Dilemma and Decisions Esther 4
Ever been between a rock and a hard place, as the saying goes? It’s that terrible situation in which both choices that lie before you are bad. Queen Esther faced such a dilemma. Where would she find the resolve to make the right decision? Esther 4 tells how a Jewish woman went about trying to save her people from extermination.
An ancient rabbi once said, “If I am not for myself, who will be for me? If I am not for others, what am I? And if not now, when?” Though Esther lived centuries earlier than the rabbi, he may have summed up her thinking.
The “final solution” plot was set. All the Jewish people in the world were slated to die because they all lived under the jurisdiction of the Persian Empire governed by King Ahasuerus, including those who had returned to the Promised Land (Est. 3:8).
Esther’s cousin Mordecai mourned, along with his people (4:1–3). When Queen Esther heard what Mordecai was doing, she sent her attendant to him to find out what was wrong (vv. 4–6). The servant returned with a copy of the death decree and a message from Mordecai telling her to go to the king and plead for pity for her people (vv. 7–9).
However, going before the king unannounced meant death unless the king extended his golden scepter (vv. 10–12). Mordecai accepted no excuse:
Do not think in your heart that you will escape in the king’s palace any more than all the other Jews. For if you remain completely silent at this time, relief and deliverance will arise for the Jews from another place, but you and your father’s house will perish (vv. 13–14).
So Esther requested that Mordecai and the Jewish people fast, and she and her maids would do the same. Then she would go before the king (vv. 15–17).
Esther was right to be afraid, even though she was a queen. First, if she appealed to the king for her people, she would have to reveal that she was Jewish. The king could well think she had deceived him.
Second, even as queen she was bound by royal protocol. She had to be summoned to approach the king. She could not merely enter his presence whenever she wished.
Third, she also had to confront a powerful, high-ranking official in the kingdom: the evil Haman.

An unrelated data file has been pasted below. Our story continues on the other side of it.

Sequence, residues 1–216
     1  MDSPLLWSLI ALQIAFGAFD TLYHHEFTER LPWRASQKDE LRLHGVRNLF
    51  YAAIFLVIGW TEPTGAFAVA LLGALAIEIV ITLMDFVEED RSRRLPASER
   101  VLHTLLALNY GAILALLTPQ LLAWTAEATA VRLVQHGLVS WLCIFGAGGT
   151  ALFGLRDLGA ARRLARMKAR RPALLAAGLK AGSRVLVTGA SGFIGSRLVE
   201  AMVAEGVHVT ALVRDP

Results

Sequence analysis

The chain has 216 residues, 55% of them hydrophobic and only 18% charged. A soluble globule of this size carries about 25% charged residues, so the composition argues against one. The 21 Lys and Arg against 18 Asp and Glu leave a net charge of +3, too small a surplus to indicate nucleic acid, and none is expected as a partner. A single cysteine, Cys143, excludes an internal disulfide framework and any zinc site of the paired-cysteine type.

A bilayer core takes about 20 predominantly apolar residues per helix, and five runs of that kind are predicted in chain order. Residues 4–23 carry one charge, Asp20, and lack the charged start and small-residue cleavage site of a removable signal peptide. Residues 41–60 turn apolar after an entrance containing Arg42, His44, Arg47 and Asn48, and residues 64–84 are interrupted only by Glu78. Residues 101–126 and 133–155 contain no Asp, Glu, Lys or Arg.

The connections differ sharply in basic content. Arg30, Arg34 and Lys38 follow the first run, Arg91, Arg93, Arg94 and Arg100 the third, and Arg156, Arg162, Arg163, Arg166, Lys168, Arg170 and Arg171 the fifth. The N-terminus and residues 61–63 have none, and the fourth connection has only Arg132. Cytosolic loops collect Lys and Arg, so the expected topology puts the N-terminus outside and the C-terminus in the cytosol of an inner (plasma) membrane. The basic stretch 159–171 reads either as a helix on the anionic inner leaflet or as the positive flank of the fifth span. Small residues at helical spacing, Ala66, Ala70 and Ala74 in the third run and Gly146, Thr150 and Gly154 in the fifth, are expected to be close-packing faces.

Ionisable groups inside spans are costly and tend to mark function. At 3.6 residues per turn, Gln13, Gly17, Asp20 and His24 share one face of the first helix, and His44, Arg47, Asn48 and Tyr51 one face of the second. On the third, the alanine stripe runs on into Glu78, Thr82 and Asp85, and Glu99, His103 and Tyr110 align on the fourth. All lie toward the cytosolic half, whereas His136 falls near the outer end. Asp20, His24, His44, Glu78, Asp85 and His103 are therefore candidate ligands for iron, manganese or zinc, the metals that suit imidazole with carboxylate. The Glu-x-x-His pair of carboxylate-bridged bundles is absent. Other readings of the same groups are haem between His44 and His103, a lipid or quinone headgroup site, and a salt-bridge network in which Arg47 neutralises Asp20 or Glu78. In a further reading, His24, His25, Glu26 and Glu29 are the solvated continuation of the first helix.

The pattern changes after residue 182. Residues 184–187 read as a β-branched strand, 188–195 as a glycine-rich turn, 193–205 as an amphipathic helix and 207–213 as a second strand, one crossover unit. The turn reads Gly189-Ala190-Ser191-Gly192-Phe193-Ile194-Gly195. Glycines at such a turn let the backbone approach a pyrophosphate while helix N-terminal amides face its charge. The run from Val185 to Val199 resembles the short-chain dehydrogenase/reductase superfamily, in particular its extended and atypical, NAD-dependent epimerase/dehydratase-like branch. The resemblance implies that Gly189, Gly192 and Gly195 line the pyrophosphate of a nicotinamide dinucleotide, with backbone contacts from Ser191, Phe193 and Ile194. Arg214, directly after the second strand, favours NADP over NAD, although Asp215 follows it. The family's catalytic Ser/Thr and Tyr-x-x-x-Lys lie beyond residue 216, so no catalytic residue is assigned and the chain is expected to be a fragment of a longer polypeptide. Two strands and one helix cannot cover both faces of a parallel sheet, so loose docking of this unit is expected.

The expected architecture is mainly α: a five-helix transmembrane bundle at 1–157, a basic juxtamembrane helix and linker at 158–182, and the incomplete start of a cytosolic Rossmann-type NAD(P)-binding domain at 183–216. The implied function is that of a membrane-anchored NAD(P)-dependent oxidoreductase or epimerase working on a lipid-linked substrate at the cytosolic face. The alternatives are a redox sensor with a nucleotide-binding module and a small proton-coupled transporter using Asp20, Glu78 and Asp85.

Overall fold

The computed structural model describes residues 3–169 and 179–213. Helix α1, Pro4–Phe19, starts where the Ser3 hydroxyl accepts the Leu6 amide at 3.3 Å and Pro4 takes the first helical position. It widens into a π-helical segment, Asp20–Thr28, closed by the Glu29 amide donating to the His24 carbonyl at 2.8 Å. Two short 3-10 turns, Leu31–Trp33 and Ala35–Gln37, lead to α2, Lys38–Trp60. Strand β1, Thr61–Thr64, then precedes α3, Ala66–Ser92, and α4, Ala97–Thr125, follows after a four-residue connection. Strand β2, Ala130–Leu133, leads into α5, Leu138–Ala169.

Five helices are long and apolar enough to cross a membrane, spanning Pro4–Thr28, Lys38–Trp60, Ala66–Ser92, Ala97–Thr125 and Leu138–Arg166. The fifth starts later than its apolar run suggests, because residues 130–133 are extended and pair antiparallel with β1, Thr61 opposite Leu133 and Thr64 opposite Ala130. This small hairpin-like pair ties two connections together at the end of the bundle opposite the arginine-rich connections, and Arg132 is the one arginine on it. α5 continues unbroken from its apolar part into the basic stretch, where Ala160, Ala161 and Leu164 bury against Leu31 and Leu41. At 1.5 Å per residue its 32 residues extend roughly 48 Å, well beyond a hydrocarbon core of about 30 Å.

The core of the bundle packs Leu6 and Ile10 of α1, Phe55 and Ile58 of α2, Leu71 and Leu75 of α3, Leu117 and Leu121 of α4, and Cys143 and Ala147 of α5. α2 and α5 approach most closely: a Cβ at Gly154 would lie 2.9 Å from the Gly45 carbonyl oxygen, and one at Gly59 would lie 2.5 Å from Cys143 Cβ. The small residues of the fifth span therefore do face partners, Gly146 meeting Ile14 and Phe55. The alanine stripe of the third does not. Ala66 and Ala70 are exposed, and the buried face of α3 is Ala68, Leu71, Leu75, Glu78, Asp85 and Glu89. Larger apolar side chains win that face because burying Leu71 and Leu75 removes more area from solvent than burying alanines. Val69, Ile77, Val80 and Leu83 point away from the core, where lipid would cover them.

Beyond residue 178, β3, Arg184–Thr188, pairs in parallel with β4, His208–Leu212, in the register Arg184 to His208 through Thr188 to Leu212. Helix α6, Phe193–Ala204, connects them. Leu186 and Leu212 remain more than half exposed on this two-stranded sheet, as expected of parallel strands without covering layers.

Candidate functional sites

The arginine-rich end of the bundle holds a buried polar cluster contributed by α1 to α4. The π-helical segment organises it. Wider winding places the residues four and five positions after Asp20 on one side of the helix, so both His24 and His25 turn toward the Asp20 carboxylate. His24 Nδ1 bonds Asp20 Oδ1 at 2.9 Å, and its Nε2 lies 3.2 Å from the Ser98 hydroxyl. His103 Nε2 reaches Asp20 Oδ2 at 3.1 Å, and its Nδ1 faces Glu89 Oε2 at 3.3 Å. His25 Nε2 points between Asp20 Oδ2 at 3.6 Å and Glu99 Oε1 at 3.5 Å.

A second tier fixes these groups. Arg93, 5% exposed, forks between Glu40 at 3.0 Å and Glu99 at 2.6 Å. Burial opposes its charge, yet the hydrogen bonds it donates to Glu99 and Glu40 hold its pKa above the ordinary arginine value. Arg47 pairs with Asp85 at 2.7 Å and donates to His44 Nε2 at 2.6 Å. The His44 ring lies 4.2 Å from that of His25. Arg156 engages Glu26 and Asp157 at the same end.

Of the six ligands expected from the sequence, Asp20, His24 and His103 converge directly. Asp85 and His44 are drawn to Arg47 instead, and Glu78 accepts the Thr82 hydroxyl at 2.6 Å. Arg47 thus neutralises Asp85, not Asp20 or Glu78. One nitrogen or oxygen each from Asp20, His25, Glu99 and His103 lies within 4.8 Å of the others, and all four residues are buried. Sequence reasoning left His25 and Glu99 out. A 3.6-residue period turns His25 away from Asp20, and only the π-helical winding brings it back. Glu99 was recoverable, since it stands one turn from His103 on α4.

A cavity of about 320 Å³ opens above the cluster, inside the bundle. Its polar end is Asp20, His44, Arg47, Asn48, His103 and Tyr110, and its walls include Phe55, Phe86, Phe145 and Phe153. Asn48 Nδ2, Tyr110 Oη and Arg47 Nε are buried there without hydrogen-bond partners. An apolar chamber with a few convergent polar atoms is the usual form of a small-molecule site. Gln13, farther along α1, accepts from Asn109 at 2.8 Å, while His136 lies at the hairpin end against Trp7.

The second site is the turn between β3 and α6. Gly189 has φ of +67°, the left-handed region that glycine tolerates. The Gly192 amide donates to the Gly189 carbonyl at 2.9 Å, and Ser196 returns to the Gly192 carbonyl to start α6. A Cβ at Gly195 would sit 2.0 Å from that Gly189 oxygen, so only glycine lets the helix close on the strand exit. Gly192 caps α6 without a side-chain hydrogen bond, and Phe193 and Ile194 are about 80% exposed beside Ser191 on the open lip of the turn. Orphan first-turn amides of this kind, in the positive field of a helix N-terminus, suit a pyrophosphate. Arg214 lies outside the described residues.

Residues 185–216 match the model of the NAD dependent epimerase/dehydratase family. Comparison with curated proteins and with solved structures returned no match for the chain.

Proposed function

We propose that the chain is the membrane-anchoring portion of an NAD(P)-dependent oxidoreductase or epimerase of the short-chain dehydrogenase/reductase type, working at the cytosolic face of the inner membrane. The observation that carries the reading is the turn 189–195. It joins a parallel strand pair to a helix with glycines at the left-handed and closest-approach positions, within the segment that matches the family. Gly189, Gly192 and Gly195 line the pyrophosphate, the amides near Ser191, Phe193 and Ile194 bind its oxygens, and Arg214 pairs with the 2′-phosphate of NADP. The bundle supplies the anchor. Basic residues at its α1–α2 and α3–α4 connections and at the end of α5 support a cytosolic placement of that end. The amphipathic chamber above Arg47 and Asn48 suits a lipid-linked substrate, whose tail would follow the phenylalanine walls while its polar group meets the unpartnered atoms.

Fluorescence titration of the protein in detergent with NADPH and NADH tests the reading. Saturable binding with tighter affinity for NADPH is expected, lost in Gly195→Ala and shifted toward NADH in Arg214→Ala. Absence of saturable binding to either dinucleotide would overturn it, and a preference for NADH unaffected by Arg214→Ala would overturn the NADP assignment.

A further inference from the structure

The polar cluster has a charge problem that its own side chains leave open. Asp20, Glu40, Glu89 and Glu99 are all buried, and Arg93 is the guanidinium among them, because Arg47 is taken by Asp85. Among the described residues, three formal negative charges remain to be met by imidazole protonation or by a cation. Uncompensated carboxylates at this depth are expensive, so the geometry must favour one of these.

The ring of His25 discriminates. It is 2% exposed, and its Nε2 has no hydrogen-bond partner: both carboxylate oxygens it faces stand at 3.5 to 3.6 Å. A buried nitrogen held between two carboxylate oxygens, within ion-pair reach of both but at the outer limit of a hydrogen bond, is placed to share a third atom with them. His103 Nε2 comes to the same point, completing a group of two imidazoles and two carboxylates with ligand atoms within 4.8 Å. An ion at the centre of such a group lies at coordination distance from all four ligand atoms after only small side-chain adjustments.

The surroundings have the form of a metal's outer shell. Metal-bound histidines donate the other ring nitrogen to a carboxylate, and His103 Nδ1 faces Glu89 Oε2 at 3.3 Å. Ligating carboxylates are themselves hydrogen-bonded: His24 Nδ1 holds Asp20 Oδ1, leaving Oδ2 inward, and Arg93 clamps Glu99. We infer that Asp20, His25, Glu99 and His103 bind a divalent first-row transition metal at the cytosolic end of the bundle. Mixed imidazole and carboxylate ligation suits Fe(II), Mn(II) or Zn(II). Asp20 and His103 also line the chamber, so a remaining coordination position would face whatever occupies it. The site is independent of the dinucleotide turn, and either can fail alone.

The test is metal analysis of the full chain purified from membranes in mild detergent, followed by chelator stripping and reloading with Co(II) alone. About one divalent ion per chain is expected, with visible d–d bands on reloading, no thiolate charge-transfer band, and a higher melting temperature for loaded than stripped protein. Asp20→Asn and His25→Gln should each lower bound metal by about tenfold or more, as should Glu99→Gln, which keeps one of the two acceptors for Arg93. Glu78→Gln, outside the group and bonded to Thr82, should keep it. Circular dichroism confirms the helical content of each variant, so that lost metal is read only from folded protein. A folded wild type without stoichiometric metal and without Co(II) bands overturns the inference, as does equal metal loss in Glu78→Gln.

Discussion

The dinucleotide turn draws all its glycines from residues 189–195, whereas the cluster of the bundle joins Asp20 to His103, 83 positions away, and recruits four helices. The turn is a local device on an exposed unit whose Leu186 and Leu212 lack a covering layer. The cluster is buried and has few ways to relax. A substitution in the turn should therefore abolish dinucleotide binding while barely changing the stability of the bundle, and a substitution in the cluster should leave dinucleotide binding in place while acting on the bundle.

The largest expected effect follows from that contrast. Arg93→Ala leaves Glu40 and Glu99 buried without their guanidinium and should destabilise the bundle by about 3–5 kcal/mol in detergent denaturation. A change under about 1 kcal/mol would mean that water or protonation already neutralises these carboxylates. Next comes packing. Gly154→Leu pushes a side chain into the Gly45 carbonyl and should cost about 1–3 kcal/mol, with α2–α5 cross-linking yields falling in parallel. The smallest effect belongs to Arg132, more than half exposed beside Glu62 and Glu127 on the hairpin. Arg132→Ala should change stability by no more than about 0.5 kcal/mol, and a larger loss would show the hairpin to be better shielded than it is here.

Although God is not mentioned in the book of Esther, His providential care for His people is evident throughout. Esther was placed in the palace for a purpose. Her destiny was to benefit others, and the welfare of her people was her responsibility. They needed her now. And she apparently recognized God was guiding her life. As Mordecai told her, “Who knows whether you have come to the kingdom for such a time as this?” (v. 14).
Former Queen Vashti and Mordecai displayed courage in their life-threatening dilemmas (1:12; 3:2). Now it was Esther’s turn to be courageous. She did not disappoint; she risked her life for her people.
Her resolve came by seeking guidance through prayer and fasting. This combination was common among Jewish people in Old Testament times (cf. Ezra 8:21–23; Ps. 109:21–24; Dan. 9:3). With God’s help and the spiritual support of others who fasted and prayed, Esther received clarity in deciding what to do (Est. 4:16). After all, Scripture says,
For the LORD gives wisdom; from His mouth come knowledge and understanding; He stores up sound wisdom for the upright; He is a shield to those who walk uprightly; He guards the paths of justice, and preserves the way of His saints. Then you will understand righteousness and justice, equity and every good path (Prov. 2:6–9).
There will always be dilemmas in life. Seeking the Lord for wisdom through prayer is never a mistake: “If any of you lacks wisdom, let him ask of God, who gives to all liberally and without reproach, and it will be given to him” (Jas. 1:5). As the apostle Paul wrote,
Be anxious for nothing, but in everything by prayer and supplication, with thanksgiving, let your requests be made known to God; and the peace of God, which surpasses all understanding, will guard your hearts and minds through Christ Jesus (Phil. 4:6–7).
God loves to help those who call on His name.